Doctors and the public incorrectly diagnose countless suspicious red bumps and rashes as spider bites every year.
Of these, much of the blame falls on the brown recluse, a somewhat drab, venomous spider native to parts of the U.S. Yet, brown recluse bites are actually quite rare, says Rick Vetter, a retired professor of entomology at the University of California Riverside.
These misdiagnoses not only unfairly demonize spiders minding their own business, but they can also distract from other serious, treatable medical conditions that are the real cause of symptoms.
(Credit: CDC/ Andrew J. Brooks)
One reason behind the frequent misdiagnoses is that doctors and the public know very little about brown recluses, making the spiders an easy scapegoat.
In many cases, however, having a basic understanding of brown recluses can rule out this spider bite diagnosis.
For starters, the range for brown recluses is limited to about 15 states within the south-central U.S. So, if you live in the Western half of the country, the Upper Midwest or the Northeast, it’s likely not related to a recluse.
Brown recluses also tend to flourish in human-modified areas, just like rats and cockroaches. In most cases, when there’s one recluse there are dozens, if not more.
So, if you’re unable to find any spiders at the alleged attack site, a brown recluse likely isn’t responsible.
(Credit: CDC/ Margaret Parsons)
Adding to the confusion, most people couldn’t identify a recluse from a lineup of harmless brown spiders.
“To most people, there are four spiders in America – tarantula, black widow, brown recluse and either a jumping spider or a garden spider,” says Vetter, adding a bit of humor: “It’s easy to identify a tarantula and a black widow — and maybe a jumping spider. All the other 4,000 species in North America [must be] brown recluses.”
A dorsal view of the brown recluse spider shows its violin-shaped trademark. Unfortunately, the misidentification of other spiders as brown recluses leads to a false perception of their widespread presence, creating an exaggerated sense of risk.
In reality, as the name suggests, recluses tend to keep to themselves. They never build their webs out in the open, but rather hide them in tight, dark spaces.
In the rare event that a brown recluse does bite a human, only about 10 percent of cases have serious consequences. Vetter outlines four tiers of recluse bites:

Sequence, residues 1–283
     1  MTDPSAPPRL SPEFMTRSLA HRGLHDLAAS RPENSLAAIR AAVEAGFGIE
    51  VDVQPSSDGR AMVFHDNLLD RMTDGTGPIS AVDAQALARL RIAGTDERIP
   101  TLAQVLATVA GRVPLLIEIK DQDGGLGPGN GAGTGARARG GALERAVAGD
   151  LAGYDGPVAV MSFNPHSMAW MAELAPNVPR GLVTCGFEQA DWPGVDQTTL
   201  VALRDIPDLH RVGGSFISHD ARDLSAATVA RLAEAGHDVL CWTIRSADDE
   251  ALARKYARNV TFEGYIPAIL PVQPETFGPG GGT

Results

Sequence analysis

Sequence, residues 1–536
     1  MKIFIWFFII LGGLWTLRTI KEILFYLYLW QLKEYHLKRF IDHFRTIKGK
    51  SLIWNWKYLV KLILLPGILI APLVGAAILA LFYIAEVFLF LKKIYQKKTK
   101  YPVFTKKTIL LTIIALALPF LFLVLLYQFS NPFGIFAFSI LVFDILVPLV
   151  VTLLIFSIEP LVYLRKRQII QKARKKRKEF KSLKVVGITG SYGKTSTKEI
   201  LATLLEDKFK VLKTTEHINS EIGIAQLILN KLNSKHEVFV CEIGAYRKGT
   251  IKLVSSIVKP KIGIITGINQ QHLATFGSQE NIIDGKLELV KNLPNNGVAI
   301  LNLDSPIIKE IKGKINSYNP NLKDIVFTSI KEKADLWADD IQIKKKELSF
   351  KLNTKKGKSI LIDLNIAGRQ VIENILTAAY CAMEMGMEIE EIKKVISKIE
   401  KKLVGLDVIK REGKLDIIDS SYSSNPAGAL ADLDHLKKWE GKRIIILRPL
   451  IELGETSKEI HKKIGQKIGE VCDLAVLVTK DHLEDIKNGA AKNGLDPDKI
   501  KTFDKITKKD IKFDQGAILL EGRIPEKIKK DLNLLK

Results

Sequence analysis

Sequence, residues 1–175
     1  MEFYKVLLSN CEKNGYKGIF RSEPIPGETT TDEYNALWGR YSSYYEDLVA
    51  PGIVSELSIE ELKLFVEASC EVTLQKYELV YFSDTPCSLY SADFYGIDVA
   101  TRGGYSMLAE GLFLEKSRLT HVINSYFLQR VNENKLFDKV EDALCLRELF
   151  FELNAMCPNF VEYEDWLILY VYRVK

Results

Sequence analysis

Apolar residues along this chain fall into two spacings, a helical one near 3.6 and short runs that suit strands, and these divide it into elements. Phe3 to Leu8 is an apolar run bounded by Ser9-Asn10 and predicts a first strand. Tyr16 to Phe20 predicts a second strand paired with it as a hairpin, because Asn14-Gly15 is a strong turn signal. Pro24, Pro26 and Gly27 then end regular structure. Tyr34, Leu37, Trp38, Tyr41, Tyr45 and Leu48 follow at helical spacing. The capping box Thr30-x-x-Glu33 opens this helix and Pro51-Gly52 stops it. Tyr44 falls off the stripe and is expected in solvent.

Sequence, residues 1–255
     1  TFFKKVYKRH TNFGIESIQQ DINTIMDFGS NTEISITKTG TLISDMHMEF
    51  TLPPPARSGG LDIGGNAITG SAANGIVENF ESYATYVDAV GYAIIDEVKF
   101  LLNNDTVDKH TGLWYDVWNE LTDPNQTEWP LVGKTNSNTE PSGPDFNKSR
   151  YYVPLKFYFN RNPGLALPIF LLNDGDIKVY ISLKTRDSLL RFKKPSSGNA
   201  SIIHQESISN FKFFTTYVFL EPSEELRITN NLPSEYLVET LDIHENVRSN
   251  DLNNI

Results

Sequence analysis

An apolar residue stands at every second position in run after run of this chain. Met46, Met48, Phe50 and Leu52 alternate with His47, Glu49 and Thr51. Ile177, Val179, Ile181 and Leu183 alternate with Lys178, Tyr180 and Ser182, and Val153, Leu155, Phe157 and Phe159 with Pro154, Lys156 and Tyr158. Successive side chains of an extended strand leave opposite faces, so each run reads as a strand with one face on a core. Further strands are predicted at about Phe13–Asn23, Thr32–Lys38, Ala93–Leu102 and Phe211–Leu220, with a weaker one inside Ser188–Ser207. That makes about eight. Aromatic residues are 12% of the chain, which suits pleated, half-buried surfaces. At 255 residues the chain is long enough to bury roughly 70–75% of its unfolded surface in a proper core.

Tier 1 represents the majority of bites: “Virtually nothing happens,” he says, and the bite heals on its own.
Similar to tier 1, tier 2 bites heal on their own. The only difference is that these bites also bring with them a symmetrical rash around the bite area.
Only about 1 in 10 recluse bites fall into tier 3. These bites turn necrotic, meaning blood flow gets shut down around the bite and cells that are deprived of oxygen start to die.
Tier 4 holds less than 1 percent of recluse bites, which leads to a condition called “systemic loxoscelism.” In these rare-yet-potentially-deadly cases, the capillary bed is destroyed causing hemoglobin to float freely in the blood. As a result, bite victims have dark, almost cola-colored urine. Bites in this tier require immediate medical attention.
While the medical literature is full of instances of conditions being misdiagnosed as brown recluse bites, that leaves the burning question: What are they really?
The culprits fall into several broad categories:
Bacterial, fungal or viral infections
Reactions to medication
Bites from insects or other arthropods
Other medical conditions
Also, why are medical professionals so quick to overlook these other conditions in favor of a recluse diagnosis?
Part of the problem, in Vetter’s opinion, starts in medical school, where an incorrect diagnosis of a spider bite can be used to teach students – creating a misdiagnosis feedback loop.
Misdiagnosing a skin lesion as a recluse bite comes with a wide range of consequences.
On the most harmless end of the spectrum, the problem fixes itself, and you have a nice story to tell your friends. “ ‘I survived a spider bite’ just sounds cooler than ‘I survived a bacterial infection,’ ” jokes Vetter.
However, on the opposite end of the spectrum, a misdiagnosis could mean overlooking a serious condition that requires medical attention.
For example, Lyme disease, which responds well to early antibiotic treatment, may be wrongly identified as a recluse bite because both can cause a rash around the bite site. Failure to properly treat Lyme can allow the disease to progress and lead to lasting health problems.
In the same vein, methicillin-resistant Staphylococcus aureus or MRSA, an antibiotic-resistant and deadly bacterial infection, can be confused with recluse bites. If left untreated, MRSA can enter the bloodstream and quickly turn deadly.
Spider bite diagnoses seem to have eluded the principles of evidence-based medicine, some experts argue.
“It’s amazing,” Vetter says, “how [doctors] are so willing to blame spiders.”
To ensure accurate diagnoses for all conditions, it’s essential to give credit where credit is due and rely on evidence rather than mere hunches or hype.